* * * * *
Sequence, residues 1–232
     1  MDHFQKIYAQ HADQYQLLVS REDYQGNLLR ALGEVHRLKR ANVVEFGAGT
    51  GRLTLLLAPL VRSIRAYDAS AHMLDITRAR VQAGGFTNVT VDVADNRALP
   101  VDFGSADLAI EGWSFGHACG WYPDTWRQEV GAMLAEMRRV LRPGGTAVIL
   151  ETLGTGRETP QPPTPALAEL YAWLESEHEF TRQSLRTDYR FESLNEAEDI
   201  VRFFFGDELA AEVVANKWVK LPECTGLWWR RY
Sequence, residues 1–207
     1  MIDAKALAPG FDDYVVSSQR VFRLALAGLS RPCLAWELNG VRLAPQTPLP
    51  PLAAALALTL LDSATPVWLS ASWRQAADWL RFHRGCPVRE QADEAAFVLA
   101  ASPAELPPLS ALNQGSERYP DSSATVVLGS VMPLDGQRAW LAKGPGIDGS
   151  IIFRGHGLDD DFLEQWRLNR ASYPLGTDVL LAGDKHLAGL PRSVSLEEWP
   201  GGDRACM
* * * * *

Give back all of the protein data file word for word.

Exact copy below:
Sequence, residues 1–232
     1  MDHFQKIYAQ HADQYQLLVS REDYQGNLLR ALGEVHRLKR ANVVEFGAGT
    51  GRLTLLLAPL VRSIRAYDAS AHMLDITRAR VQAGGFTNVT VDVADNRALP
   101  VDFGSADLAI EGWSFGHACG WYPDTWRQEV GAMLAEMRRV LRPGGTAVIL
   151  ETLGTGRETP QPPTPALAEL YAWLESEHEF TRQSLRTDYR FESLNEAEDI
   201  VRFFFGDELA AEVVANKWVK LPECTGLWWR RY
Sequence, residues 1–207
     1  MIDAKALAPG FDDYVVSSQR VFRLALAGLS RPCLAWELNG VRLAPQTPLP
    51  PLAAALALTL LDSATPVWLS ASWRQAADWL RFHRGCPVRE QADEAAFVLA
   101  ASPAELPPLS ALNQGSERYP DSSATVVLGS VMPLDGQRAW LAKGPGIDGS
   151  IIFRGHGLDD DFLEQWRLNR ASYPLGTDVL LAGDKHLAGL PRSVSLEEWP
   201  GGDRACM